But it seems that we live in a very different country than the one I remember growing up in. I’m about to turn 50 years old later this month and I can remember a country where if a newspaper like yours ran a story like yours the bank involved would have been back pedaling hard as the sting of the reporter’s indignation was felt rising off the page. Back then that bank wouldn’t even think of not apologizing profusely for their inexcusable and abysmal treatment of the homeowners in question.
And… back then the reporter could not have closed without warning other homeowners about what is possible, and directing anyone who found themselves in an unprovoked war with their bank over their home to contact the paper… so the media could shine a light on the terrible ¬†wrong being committed in the hopes of seeing it stop as a result.
Instead, this sort of behavior by a bank is treated as being almost de rigueur, the norm, no big deal. And be nice, because they’re a major advertiser, don’t you know.
Why did you become a reporter, Carolyn? Because if it was to write about events such as these in the style and tone of your article, then I’d suggest you consider looking for a copywriting gig at an ad agency. You’ll be writing brochures for fat cat clients, which is just about like you did in your article, but you’d make twice the dough, and maybe more.
Consider the following: “The Founding Fathers gave the free press the protection it must have to bare the secrets of government and inform the people.” ¬†(Supreme Court Justice Hugo Black)
I’m sorry if you felt that I’ve been too harsh, in truth, I’ve tried to restrain my true feelings to great degree, but what Justice Black says there conveys unto you awesome power and with that power is conveyed an awesome responsibility to the people, Carolyn… not to your paper’s advertisers. ¬†And to see you squandering that power at a time when the couple in your story along with countless others, need more from you… a lot more… is at least depressing… and at most infuriating.
You had an opportunity to validate and thereby provide comfort to the victims here, and chastise or at least hint at disdain for the oppressor… and with those options presented, you chose to do neither. ¬†Didn’t you feel anything as you listened to them tell you their story and then sat down to write it? ¬†Because if you did, no one would ever know what you felt, or if you felt anything at all, and considering the horrific nature of the subject matter, the absence of any emotion feels cold, distant and anything but genuine.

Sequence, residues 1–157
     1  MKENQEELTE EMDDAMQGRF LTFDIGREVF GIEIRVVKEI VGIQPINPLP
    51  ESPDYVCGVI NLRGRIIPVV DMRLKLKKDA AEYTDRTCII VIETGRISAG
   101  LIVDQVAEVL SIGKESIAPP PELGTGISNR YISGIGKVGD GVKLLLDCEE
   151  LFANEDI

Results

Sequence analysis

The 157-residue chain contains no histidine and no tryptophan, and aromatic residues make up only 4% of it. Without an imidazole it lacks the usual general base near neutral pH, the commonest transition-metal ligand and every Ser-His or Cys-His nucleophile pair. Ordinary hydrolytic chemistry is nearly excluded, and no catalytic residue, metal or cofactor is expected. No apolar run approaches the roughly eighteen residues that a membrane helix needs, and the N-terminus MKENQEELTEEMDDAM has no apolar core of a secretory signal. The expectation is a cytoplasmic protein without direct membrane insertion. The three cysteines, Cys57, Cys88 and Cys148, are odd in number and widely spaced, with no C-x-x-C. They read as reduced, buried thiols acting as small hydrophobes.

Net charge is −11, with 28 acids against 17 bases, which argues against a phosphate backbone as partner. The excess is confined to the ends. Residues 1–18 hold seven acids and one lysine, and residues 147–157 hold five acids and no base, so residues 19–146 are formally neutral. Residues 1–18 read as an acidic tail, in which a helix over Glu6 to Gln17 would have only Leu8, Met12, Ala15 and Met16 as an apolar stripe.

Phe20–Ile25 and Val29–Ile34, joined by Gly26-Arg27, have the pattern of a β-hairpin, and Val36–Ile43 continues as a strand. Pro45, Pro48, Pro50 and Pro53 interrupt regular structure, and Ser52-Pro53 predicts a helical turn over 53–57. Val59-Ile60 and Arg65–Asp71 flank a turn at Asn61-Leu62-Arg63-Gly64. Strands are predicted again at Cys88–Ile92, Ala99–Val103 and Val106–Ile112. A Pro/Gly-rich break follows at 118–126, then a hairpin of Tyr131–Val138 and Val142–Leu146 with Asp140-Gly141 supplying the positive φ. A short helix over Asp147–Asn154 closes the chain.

And then you close with “tips on what to do if this happens to you?” ¬†As if the topic is on par with losing your wallet while on vacation? ¬†What happened to the couple in your story should NEVER be allowed to happen to anyone in this country… EVER! ¬†And should you or anyone else ever find it happening to another, you should do everything in your power to stand with that person in opposition to what can only be described a form of corporate terrorism.
Bank of America put the couple in your story through HELL ON EARTH because they simply didn’t care enough to do otherwise, because when they do whatever they do, they don’t find hundreds or thousands of voices rising as one and demanding they fix what they’ve broken immediately or face consequences. ¬†Because they CAN fix it immediately, you do realize that, right? ¬†Do you think the same thing would ¬†happen to a senator, a movie star, a Fortune 500 executive? ¬†Clearly it would not.
Maybe next time the Chronicle should consider writing about the plight of a homeowner being raped by a bank while the crime is still in progress… and fulfill the promise of the American free press… instead of just penning an passionless epilogue that only proves to others how little our society cares about their plight, and that those in the media only care about their own bottom-line.